This image provided by the Office of the Director of National Intelligence shows deputy national intelligence director Sue Gordon. President Donald Trump says Gordon has announced she is leaving her position. (Office of the Director of National Intelligence via AP)
Office of the Director of National Intelligence/AP
This image provided by the Office of the Director of National Intelligence shows deputy national intelligence director Sue Gordon. President Donald Trump says Gordon has announced she is leaving her position. (Office of the Director of National Intelligence via AP)
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(CNN) —  

The country’s No. 2 intelligence official, Sue Gordon, knew it was likely she would have to eventually step down from her post, but the timing of that decision became more urgent on Thursday after her boss – outgoing spy chief Dan Coats – interrupted a meeting she was holding on election security and asked his deputy to submit her letter of resignation, sources familiar with the events told CNN.

While details of the conversation between Gordon, an intelligence veteran of more than 30 years, and Coats remain unclear, sources say that the situation clearly abruptly changed after the meeting was interrupted.

Shortly after her encounter with Coats, Gordon submitted her letter of resignation to Vice President Mike Pence, though the document itself was addressed to Trump, according to officials, a highly unusual move that prompted some confusion among some West Wing officials who waited for the President’s tweet confirming the news.

Not surprised

Ultimately, White House officials told CNN they were not surprised by the fact that Gordon chose to resign, as it was clear the President was never going to select her for the top job, or even the acting position.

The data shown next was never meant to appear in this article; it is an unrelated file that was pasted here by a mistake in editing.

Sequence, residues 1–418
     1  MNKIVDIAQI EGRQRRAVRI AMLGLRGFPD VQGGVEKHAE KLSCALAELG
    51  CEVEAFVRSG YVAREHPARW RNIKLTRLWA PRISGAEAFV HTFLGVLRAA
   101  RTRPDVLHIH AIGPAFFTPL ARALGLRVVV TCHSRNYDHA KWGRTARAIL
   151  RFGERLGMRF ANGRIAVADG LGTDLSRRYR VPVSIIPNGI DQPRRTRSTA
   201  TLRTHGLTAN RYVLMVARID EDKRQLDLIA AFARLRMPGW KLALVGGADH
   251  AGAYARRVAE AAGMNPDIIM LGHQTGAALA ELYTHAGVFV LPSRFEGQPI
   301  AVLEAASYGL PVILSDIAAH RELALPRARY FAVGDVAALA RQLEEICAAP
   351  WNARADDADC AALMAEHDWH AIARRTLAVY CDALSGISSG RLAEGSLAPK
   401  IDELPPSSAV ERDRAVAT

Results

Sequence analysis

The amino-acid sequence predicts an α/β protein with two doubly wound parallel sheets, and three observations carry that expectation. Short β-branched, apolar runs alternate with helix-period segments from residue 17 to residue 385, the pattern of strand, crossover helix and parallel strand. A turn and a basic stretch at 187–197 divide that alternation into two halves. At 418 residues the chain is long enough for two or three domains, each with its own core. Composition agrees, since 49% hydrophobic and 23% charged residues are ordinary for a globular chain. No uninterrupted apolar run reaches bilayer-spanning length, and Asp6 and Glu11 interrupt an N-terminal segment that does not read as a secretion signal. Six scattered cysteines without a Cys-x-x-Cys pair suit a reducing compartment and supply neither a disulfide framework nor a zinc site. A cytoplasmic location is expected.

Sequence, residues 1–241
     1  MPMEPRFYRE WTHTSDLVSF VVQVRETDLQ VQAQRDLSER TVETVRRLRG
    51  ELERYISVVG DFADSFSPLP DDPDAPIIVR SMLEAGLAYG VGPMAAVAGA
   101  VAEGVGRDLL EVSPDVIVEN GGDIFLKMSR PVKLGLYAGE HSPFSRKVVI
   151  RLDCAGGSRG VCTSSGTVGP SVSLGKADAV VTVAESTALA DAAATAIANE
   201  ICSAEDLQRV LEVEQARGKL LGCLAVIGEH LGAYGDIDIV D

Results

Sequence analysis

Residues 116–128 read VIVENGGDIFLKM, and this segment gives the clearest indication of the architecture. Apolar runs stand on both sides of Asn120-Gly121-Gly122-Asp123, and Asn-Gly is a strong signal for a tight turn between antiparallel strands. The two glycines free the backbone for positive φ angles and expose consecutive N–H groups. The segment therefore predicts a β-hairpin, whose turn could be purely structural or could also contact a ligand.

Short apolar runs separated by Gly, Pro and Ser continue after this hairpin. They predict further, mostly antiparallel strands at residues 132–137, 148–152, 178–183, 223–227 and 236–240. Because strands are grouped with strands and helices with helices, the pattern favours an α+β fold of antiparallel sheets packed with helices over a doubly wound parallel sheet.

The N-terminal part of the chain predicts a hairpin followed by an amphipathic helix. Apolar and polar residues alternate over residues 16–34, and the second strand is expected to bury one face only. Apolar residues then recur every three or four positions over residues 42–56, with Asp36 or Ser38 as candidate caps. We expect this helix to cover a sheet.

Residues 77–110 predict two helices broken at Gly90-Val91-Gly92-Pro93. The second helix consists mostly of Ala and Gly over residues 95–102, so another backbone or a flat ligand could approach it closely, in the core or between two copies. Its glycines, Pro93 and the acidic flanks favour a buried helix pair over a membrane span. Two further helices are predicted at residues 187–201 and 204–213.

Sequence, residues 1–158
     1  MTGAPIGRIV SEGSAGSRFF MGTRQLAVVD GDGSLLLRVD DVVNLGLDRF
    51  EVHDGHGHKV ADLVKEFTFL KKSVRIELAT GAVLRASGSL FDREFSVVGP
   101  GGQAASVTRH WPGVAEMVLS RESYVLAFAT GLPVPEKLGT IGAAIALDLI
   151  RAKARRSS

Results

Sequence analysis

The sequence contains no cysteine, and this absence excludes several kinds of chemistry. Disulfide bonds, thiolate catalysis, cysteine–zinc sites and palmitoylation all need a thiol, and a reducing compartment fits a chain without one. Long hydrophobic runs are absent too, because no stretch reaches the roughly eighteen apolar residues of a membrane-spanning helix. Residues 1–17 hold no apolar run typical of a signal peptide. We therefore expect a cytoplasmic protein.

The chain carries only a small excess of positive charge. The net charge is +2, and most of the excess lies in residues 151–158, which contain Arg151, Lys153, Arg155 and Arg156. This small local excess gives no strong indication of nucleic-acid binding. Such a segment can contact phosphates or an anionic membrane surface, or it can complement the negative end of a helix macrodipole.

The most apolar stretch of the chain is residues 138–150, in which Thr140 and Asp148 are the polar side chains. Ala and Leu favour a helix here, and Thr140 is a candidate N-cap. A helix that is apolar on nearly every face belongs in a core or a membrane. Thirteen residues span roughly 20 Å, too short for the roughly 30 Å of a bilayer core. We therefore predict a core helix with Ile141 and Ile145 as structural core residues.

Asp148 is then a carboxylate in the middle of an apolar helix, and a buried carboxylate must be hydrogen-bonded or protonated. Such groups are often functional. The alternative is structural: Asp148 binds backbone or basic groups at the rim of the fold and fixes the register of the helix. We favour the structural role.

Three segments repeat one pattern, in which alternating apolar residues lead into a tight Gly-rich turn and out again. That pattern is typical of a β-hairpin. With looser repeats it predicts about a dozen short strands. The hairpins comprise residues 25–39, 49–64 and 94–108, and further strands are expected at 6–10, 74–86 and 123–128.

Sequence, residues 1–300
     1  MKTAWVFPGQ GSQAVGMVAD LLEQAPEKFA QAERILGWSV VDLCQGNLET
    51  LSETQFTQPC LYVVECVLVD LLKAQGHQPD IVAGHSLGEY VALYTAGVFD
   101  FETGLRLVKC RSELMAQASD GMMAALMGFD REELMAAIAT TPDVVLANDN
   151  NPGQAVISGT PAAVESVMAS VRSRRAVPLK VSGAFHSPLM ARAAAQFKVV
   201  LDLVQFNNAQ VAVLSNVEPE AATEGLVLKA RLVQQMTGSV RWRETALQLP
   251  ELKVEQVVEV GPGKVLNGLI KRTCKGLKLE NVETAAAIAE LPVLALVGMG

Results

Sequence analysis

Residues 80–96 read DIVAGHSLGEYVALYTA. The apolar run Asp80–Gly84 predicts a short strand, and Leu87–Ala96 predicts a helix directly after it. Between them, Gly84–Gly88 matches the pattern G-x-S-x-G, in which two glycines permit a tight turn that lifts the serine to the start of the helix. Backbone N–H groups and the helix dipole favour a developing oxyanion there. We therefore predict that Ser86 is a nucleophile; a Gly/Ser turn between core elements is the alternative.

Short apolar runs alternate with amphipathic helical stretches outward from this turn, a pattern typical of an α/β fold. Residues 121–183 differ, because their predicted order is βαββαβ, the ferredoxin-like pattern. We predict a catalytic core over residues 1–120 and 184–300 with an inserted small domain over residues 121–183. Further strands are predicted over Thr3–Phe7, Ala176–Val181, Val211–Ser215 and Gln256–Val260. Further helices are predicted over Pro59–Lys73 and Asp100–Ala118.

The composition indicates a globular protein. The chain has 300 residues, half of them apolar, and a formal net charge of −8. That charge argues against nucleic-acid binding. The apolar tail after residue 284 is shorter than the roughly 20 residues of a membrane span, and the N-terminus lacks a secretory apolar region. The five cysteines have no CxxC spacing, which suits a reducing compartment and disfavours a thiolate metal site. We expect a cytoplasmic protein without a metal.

White House officials had been signaling such a move for days, saying the President would prefer to have a political loyalist in the acting role until a permanent nominee is selected.

While Trump has said in recent days that he liked Gordon personally, officials said that he believed she was too closely tied to individuals in the intelligence world, such as former CIA Director John Brennan and even Coats himself, a theory some advisers pushed.

Under normal protocol, Gordon would have become acting director after Coats resigned. But administration officials told CNN that the White House was reviewing whether it could legally choose an acting director outside the line of succession.

The circumstances surrounding Gordon’s resignation, including the role Coats appears to have played in the timing of her announcement, seem to indicate she was forced out for political reasons.

“I offer this letter as an act of respect & patriotism, not preference. You should have your team,” she wrote in a handwritten note to the President that was released by the White House.

Gordon’s abrupt departure, with only one week’s notice, and Trump’s longstanding hostility toward the intelligence community – which he has publicly derided, likened to Nazis and disagreed with – is likely to heighten concerns that the President may be trying to politicize agencies that are meant to stand apart from partisanship or politicking.

Intelligence professionals emphasize the need to keep politics out of their work in order to offer policy makers the clearest assessment they can of threats and opportunities.